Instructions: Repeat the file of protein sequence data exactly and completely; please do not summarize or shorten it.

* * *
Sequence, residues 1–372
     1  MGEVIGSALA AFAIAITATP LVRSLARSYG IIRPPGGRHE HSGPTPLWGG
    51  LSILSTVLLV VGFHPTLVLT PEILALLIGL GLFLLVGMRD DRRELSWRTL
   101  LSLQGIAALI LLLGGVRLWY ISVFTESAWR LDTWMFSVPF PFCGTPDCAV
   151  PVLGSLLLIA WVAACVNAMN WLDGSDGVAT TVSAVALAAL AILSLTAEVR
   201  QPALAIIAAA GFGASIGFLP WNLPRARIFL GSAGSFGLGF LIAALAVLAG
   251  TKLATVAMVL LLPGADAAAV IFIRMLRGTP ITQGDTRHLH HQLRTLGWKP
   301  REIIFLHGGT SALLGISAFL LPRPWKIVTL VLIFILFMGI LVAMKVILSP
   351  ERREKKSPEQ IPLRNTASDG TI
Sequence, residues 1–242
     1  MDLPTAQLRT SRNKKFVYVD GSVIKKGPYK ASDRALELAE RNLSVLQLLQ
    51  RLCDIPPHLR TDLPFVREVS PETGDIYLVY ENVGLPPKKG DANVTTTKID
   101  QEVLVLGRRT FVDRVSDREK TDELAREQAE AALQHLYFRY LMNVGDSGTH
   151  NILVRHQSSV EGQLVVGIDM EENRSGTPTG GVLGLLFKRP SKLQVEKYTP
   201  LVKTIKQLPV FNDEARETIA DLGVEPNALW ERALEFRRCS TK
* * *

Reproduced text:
Sequence, residues 1–372
     1  MGEVIGSALA AFAIAITATP LVRSLARSYG IIRPPGGRHE HSGPTPLWGG
    51  LSILSTVLLV VGFHPTLVLT PEILALLIGL GLFLLVGMRD DRRELSWRTL
   101  LSLQGIAALI LLLGGVRLWY ISVFTESAWR LDTWMFSVPF PFCGTPDCAV
   151  PVLGSLLLIA WVAACVNAMN WLDGSDGVAT TVSAVALAAL AILSLTAEVR
   201  QPALAIIAAA GFGASIGFLP WNLPRARIFL GSAGSFGLGF LIAALAVLAG
   251  TKLATVAMVL LLPGADAAAV IFIRMLRGTP ITQGDTRHLH HQLRTLGWKP
   301  REIIFLHGGT SALLGISAFL LPRPWKIVTL VLIFILFMGI LVAMKVILSP
   351  ERREKKSPEQ IPLRNTASDG TI
Sequence, residues 1–242
     1  MDLPTAQLRT SRNKKFVYVD GSVIKKGPYK ASDRALELAE RNLSVLQLLQ
    51  RLCDIPPHLR TDLPFVREVS PETGDIYLVY ENVGLPPKKG DANVTTTKID
   101  QEVLVLGRRT FVDRVSDREK TDELAREQAE AALQHLYFRY LMNVGDSGTH
   151  NILVRHQSSV EGQLVVGIDM EENRSGTPTG GVLGLLFKRP SKLQVEKYTP
   201  LVKTIKQLPV FNDEARETIA DLGVEPNALW ERALEFRRCS TK